Friday, December 01, 2006

E=mc…okobye ki?


Future scientists without a language


Uganda’s Education ministry is facing a storm. It hasn’t entered the public debate yet since the bimeeza are still obsessing about Betty Kamya and Salim Saleh and the pros and cons of a government minister doing his job (Giving out money to people who need it, regardless what party their area MP shouts for).

But when the shit hits the fan, there’s going to be lots of smelly faced people around because they didn’t see what was coming at them. It is being called the new Thematic Curriculum.

Starting next year, kids from Primary One to Primary Four will be learning in their mother tongues. After that, English can be introduced. The powers that be have decided that since the children learn their first language at home and it comes in the way of real comprehension when they go to school, it is better to continue the basic education in this mode.

The campaign has started and soon, the radios and TVs will be chocked, I guess. To follow will be the bill boards on the roadside so the parents can see what’s coming as they drive their kids to Kitante Primary and Greenhill Academy.

I still haven’t understood the whole “thematic curriculum” spin yet. I guess its one of those things I will have to wait patiently for.

I know if this had happened to me as a kid, I’d probably have flunked badly. But then again, it is said the kid’s mind is like a super computer. Kids can adjust quickly to all sorts of change.

Or can they?

I think in English. Have thought in English since I was a kid. I know lots of kids today who learned English before their first tongue. And in this age of Babarita and all her Latino cousins masquerading as actresses on TV, I know there’s going to be a few more kids that think in English. Because their mothers don’t live here. Where they live, cool kids speak English.

Maybe it’s okay for our generation, since we are already wasted. But what about the generation of the Solanges, Shaniquas, Tyrons and Laquandas that are causing lots of aural pain to priests as they try to christen them every week? What is going to happen to the TV generation of a few years from now?

True, government has survived bigger storms. They have introduced strange policies without sensitizing the public and they’ve gotten away with it. Somehow. They’ve pushed VAT on us and a decade later, we still don’t understand what its all about. They’ve given us UPE, USE, Multiparty politics (when all along they said this is the devil’s business)…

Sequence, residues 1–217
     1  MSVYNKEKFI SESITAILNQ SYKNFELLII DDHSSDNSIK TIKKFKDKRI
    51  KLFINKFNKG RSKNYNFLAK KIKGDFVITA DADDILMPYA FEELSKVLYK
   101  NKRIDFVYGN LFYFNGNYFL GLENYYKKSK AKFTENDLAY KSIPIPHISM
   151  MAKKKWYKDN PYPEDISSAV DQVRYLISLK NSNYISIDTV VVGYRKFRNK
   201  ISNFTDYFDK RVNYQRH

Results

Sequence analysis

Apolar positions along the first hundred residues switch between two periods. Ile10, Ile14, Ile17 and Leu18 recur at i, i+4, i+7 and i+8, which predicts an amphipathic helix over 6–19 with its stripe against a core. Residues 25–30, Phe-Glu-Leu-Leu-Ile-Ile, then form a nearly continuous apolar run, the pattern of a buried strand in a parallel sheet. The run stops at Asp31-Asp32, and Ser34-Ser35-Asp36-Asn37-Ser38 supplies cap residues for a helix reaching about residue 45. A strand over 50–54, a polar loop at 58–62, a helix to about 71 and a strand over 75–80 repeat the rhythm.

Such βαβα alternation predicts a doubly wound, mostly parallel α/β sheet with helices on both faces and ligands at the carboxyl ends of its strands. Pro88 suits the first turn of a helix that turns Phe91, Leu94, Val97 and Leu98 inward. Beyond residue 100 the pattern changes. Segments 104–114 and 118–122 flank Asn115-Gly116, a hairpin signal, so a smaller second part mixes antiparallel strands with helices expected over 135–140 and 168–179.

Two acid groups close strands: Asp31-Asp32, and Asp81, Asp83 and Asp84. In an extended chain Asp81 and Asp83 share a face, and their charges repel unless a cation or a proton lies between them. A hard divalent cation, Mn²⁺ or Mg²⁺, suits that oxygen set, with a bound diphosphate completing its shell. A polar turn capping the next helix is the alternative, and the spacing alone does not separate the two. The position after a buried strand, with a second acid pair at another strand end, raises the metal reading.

Maybe English is becoming obsolete. Recently, His Lordship, the Mayor of Kampala said he admired the Chinese so much because they “can’t speak English yet they are very successful.” And it’s true. Those guys, like many others around the world don’t need to know English to do business.

My generation is full of people who believe that what they’ve had growing up is the best and they want to give the same to their kids. This of course goes against the progressive thinking that you should always be ready to question your old beliefs. But they will probably be teaching the chilluns English on the sly.

Enter home schooling. And you thought it would never come to Ug! Short of teaching your child from home, how are you going to keep them from being confused? If you speak English at home, Junior is going to speak English wherever he goes and when he gets to school, depending on where you live, he’ll come back speaking a language you have never heard before.

Maybe it’s worth it. Just think; a whole new crop of scientists who don’t speak the same language. That Swahili project seems to have stalled somewhere and without a national language, with English being kicked out, we’ll probably have a Tower of Babel right here along the Equator.

12 Comments:

Blogger joshi said...

LA..i was thinkin the same thing.But since the creation and re-creation of the EAC,arent we supposed to be learning swahili??

6:14 AM  
Blogger Degstar said...

i worked on d PR plan 4 d new Thematic Curriculum b4 resigning to pursue fame n fortune. dere's a lot of well thot out rationale, research n fact behind it, unfortunately, its an entire year behind schedule whh means dere hsnt been enuff tym, n money, available to properly sensitise y'all as well as do all the pre-testing n shit. blame dat shit on the Govt, dey're d ones who've been dragging their VX-driving asses around, to d detriment of d kids nationwide.